nuous advocate of church discipline, and
his everyday walk presented to the world
an example of the roost rigid piety. Tho',
periatirs, a trifle puritinic and bigoted, he
was a roan of ancoiripromising virtue. But
as Hood says—
The company, suppose ma'am was a
young gentleman, a stronger to you ?
'Yes, sir—l believe he is,
'ls that young gentleman in the house
now, tnn'ain ?'
"Alai! for the rarity,_ 'To be sure he is, sir.'
Or. l'htwian charity." 'Will you be so kind as to state what
The Deacon had not the least btt of it. part of the house 1'
Having no faults or f ,ibles of his own Cat eis in Mrs. Wisely's room.'
least he thought so) that called aloud for The Deacon's manner by this time be.
charity, he could not understand why they came greatly excited, and he gasped out,
Should ever form a competent part of the.l 'Can it be ?'
natures of other men, He had passed the The maid, failing to comprehend the
hey day of youth, and had quite forgotten , Deacon, inquired ;
that he was ever young, is WI much bu- 'Dan what be ?'
stness and responsibility resting on .why, that a young gentleman is at this
self, he failed to see how those with fewer , very moment—'
cares could possibly be merry and uncoil- , But you know, sir, he is very young,
cerned. Indeed, the Deacon witnessed and a very little gentleman, too, sir.'
many very uncommon human phenoine- , 'What do you mean by his being a very
nas, for which he could assign no other lad e gentleman ?'
cause than moral depr a vity, and withal, , Why, hain't you heard rir, that Mrs.
he had OW, weakness which very natural- IViely has got it baby—a nice fine boy—
ly grew out of his lack of charity. This weighs nine pounds, sir ?'
was a most unbounded credulity as to the The old gentleman seemed, as the say
short comings which gossip is daily char- ing is, perfectly thander-struck. He win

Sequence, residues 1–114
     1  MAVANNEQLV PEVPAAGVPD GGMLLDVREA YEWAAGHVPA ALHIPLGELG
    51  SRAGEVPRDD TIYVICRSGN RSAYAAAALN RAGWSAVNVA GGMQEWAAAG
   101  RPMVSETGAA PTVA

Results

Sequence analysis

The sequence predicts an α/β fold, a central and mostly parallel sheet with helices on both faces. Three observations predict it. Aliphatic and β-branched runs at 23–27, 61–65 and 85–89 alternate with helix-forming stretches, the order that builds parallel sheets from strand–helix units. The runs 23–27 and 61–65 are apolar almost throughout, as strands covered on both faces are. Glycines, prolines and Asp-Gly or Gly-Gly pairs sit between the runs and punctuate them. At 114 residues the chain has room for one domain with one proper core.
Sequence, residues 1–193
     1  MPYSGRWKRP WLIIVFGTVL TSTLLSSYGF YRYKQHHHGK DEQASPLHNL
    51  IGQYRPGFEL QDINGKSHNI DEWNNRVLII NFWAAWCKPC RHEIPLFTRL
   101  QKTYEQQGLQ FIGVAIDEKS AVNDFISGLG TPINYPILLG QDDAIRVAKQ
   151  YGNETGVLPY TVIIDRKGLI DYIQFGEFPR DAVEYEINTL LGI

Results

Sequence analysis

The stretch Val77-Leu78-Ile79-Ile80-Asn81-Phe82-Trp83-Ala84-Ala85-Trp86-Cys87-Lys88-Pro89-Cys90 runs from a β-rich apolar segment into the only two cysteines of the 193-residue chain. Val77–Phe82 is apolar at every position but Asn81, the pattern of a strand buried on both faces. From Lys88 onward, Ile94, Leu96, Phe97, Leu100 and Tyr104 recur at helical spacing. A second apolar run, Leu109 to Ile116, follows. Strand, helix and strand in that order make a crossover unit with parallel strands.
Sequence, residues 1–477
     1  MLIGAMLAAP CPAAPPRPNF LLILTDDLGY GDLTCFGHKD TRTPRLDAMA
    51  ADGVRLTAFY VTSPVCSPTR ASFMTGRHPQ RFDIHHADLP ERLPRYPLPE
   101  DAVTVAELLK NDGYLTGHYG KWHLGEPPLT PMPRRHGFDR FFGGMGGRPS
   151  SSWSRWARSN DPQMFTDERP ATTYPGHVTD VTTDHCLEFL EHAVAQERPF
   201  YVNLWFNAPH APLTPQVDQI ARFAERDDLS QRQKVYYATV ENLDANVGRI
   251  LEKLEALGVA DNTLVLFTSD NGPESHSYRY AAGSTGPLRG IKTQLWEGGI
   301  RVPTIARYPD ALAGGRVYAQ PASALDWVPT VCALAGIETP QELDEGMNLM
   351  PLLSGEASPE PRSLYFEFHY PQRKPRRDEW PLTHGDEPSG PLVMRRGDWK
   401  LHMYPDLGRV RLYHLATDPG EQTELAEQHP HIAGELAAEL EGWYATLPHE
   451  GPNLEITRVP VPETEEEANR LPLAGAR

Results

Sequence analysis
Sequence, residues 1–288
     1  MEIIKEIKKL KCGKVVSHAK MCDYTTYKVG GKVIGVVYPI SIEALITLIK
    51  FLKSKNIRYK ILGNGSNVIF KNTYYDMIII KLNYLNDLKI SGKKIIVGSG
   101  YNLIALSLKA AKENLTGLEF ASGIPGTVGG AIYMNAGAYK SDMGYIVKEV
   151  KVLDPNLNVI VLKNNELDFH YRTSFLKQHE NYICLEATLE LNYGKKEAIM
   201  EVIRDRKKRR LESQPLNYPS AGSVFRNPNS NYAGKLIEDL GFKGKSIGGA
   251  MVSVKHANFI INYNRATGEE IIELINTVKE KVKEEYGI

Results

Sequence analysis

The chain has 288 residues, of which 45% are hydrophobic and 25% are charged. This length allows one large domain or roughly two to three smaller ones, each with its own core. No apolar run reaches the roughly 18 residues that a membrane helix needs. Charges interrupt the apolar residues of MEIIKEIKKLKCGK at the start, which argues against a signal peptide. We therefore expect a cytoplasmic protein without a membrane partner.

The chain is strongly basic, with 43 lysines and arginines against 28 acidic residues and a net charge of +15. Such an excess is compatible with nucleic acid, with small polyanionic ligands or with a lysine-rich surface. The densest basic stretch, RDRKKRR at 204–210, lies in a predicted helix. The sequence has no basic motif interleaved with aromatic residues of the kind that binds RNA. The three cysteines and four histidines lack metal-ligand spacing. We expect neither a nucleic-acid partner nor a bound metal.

ging upon some member of the comment- fur once in his life favored with a lucid in.
ty. So credulous was the Deacon in this terve], and saw by the light of it that he
respect, and so 'ready to believe in the cal.! had teen sold. Saying that Mrs. Brown
Pablo sins of another, that he was awn ! would be over in the course of the day, he
made. the victim era practical joke ; and ! tack his leave without subjecting the maid
though he lived in a village of not over to cross examination.
five hundred inhabitants, he had been The joke got out in due time, and we
'mule to believe that it contained several fear the deacon never forgave the writer of
gambling dens, and and at least two Peter thgt anonymous letter. Ile hos, however
Funk auction shops. He was at one time'. consented to the stranger having Mr. Wist -
convinced that a society of Freelovers ly•s love.
held meetings in the Town Hall, but be- I
fore completing his plan fur their apple- TRIFLES.
hension, they turned out to be a lodge of i The world is made up of trifles: The
Know Nothings. But it is only of the last grand movements of great events, and the
',trice" played off on hint, that we design changes of empires, are founded in causes
recording. It happened in 4hig wise very generally, which would be pronoun.
Elder Wisely, pastor of Deacon Brown's ced trifle. by the world. Ye., ..tritles
Church, was on s tour to the South, for light no air" have led to some of the most
the benefit of that clerical disorder, the important discoveries we have. The fall
of an apple gave Newton the clue to grav
itation ; the rising a,) of the lid of a teaket
tle gave us our railroads, steamboats ocean
steamers, end a thousand other things—